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Orange Roughy

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Orange roughy Conservation status Conservation Dependent (EPBC Act)[1] Scientific classification Kingdom: Animalia Phylum: Chordata Class: Actinopterygii Order: Beryciformes Family: Trachichthyidae Genus: Hoplostethus Species: H. atlanticus Binomial name Hoplostethus atlanticus Collett, 1889

The orange roughy, red roughy, or deep sea perch, Hoplostethus atlanticus, is a relatively large deep-sea fish belonging to the slimehead family (Trachichthyidae). The Marine Conservation Society has categorized orange roughy as vulnerable to exploitation. It is found in cold (3 to 9 °C), deep (bathypelagic, 180 to 1,800 m) waters of the western Pacific Ocean, eastern Atlantic (from Iceland to Morocco; and from Walvis Bay, Namibia, to off Durban, South Africa), Indo-Pacific (off New Zealand and Australia), and in the Eastern Pacific off Chile. The orange roughy is notable for its extraordinary lifespan — a recorded (disputed by commercial fishers but supported by scientists) maximum of 149 years — and importance to commercial deep trawl fishery. Actually a bright brick red in life, the orange roughy fades to a yellowish orange after death.

Like other slimeheads, the orange roughy is slow-growing and late to mature, resulting in a very low resilience. They are extremely susceptible to overfishing because of this, and many stocks (especially those off New Zealand and Australia, which were first exploited in the late 1970s) have already crashed; recently discovered substitute stocks are rapidly dwindling. The flesh is firm with a mild flavour; it is sold skinned and filleted, fresh or frozen. [2]

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Physical description

Fish in the Faroe Islands: Orange roughy, Hoplostethus atlanticus Faroese stamp issued: 7 Feb 1994 Artist: Astrid Andreasen

The body is very deep and the rounded head is riddled with muciferous canals (part of the lateral line system), as is typical of slimeheads. The single dorsal fin contains four to six spines and 15 to 19 soft rays; the anal fin contains three spines and 10 to 12 soft rays. The ventral scutes (modified scales forming a hard, bony median ridge between the pelvic fins and anus) number 19 to 25. The pectoral fins contain 17 to 20 soft rays each; the pelvic fins are thoracic and contain one spine and six soft rays; the caudal fin is forked. The interior of the mouth and gill cavity is a bluish black; the mouth itself is large and strongly oblique. The scales are ctenoid and adherent. The lateral line is uninterrupted with 28 to 32 scales whose spinules or ctenii largely obscure the lateral line's pores. The eyes are large.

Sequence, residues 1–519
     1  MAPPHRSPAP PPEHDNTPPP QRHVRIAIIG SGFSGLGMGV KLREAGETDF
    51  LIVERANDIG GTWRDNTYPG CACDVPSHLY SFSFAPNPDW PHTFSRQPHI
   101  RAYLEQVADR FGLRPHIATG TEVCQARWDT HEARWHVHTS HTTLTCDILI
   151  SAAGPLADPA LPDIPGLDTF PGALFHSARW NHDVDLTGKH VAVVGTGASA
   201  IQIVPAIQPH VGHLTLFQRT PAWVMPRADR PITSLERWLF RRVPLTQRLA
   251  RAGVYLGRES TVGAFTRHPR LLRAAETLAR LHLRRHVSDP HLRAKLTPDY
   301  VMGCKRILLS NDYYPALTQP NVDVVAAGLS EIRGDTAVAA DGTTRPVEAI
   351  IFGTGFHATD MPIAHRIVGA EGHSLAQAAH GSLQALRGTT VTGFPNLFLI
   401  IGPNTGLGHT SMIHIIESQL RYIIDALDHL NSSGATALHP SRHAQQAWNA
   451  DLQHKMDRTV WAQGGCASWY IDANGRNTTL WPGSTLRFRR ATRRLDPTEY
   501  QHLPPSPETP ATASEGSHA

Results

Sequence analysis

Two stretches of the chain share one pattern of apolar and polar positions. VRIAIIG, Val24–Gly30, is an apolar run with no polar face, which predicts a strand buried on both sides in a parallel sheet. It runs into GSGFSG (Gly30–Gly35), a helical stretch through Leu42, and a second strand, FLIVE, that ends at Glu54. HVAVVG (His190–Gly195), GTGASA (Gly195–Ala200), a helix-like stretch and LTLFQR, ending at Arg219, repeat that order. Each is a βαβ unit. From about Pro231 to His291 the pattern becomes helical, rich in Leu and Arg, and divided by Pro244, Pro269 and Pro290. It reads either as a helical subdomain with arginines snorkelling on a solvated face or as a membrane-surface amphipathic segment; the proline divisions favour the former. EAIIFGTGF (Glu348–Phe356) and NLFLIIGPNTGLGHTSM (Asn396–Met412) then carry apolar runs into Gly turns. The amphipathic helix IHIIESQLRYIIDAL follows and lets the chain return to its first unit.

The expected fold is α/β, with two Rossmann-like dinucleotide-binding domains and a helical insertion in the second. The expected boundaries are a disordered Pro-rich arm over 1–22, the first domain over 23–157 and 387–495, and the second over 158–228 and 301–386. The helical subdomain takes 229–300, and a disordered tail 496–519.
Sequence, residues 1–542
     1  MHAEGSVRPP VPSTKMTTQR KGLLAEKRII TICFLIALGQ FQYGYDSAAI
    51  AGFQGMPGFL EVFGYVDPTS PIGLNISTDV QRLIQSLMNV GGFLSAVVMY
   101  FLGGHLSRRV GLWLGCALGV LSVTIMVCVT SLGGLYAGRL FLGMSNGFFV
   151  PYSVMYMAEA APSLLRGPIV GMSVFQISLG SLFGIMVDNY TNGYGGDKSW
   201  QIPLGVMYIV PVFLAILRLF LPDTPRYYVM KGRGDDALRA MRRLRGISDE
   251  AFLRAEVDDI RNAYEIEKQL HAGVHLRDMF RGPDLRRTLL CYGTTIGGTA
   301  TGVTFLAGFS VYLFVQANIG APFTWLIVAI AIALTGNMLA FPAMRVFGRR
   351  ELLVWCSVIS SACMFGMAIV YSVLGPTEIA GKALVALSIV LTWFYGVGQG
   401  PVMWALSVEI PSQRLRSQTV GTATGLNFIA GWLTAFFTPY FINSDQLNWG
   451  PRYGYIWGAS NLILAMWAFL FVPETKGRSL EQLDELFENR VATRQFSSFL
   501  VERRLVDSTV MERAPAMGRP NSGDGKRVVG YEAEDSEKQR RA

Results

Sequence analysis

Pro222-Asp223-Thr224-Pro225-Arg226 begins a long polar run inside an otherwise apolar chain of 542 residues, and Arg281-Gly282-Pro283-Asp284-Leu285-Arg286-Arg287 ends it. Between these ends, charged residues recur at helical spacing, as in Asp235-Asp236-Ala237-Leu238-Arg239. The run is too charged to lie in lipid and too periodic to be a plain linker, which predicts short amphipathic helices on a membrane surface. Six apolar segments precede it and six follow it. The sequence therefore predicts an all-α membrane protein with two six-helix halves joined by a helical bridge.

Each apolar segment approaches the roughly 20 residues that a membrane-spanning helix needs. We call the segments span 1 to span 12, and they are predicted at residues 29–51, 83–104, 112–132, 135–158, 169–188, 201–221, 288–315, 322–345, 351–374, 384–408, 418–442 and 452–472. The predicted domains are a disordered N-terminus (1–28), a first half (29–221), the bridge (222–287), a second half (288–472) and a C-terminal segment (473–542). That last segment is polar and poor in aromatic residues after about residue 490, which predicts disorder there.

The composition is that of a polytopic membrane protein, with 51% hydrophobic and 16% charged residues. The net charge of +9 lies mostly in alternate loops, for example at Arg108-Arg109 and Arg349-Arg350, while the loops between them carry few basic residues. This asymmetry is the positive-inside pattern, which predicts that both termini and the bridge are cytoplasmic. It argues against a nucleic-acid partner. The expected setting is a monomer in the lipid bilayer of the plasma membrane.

The orange roughy is the largest known species of slimehead at a maximum standard length (SL, a measurement excluding the tail fin) of 75 cm and a maximum weight of seven kg. However, the average commercial catch size is 30 to 40 cm SL.

Life history

A preserved specimen on display at a museum.

Orange roughy are generally sluggish and demersal; they form aggregations with a population density of up to 2.5 fish per square meter but now they have been reduced to about 1 fish per square meter. These aggregations form in and around geologic structures, such as undersea canyons and seamounts, where water movement and mixing is high — ensuring dense concentrations of prey items. The aggregations do not necessarily form for the purpose of spawning or feeding; it is thought that the fish cycle through metabolic phases (active or feeding and inactive or resting) and seek areas with ideal hydrologic conditions to congregate during their active and inactive phases. Observations made of orange roughy aggregations during submersible dives have also shown that the fish lose almost all pigmentation whilst inactive, during which time they are very approachable. Predators of orange roughies include large deep-roving sharks, cutthroat eels, merluccid hakes, and snake mackerels.

When active, they feed primarily on zooplankton such as mysid shrimp, euphausiids, amphipods and other crustaceans; adults also take smaller fish and squid. The orange roughy's metabolic phases are thought to be related to seasonal variations in the fishes' prey concentrations, with the inactive phase being a means to conserve energy during lean periods.

Orange roughy are oceanodromous, non-guarding pelagic spawners: that is, they migrate several hundred kilometres between localised spawning and feeding areas each year and form large spawning aggregations (possibly segregated according to sex) wherein the fish release large, spherical eggs (2.25 millimetres in diameter, made buoyant by an orange-red oil globule) and sperm en masse directly into the water. The fertilized eggs (and later larvae) are planktonic, rising to around 200 meters to develop, with the young fish eventually descending to deeper waters as they mature. The time between fertilization and hatching is thought to be 10 to 20 days; fecundity is low, with each female producing only 22,000 eggs per kilogram of body weight which is less than 10 per cent of the average for other species of fish. Orange roughy are very slow-growing, reaching maturity at 20 to 30 years of age.

The maximum published age of 149 years was determined via radiometric dating of trace isotopes found in an orange roughy's otolith (``ear bone``). Similarly, counting the growth rings of orange roughy otoliths has given a maximum age of 125 to 156 years. The validity of these results is questioned by commercial fishers as some state the former method is controversial and the latter method is known to underestimate age in older specimens. The issue has yet to be resolved definitively but carries important implications relating to the orange roughy's conservation status.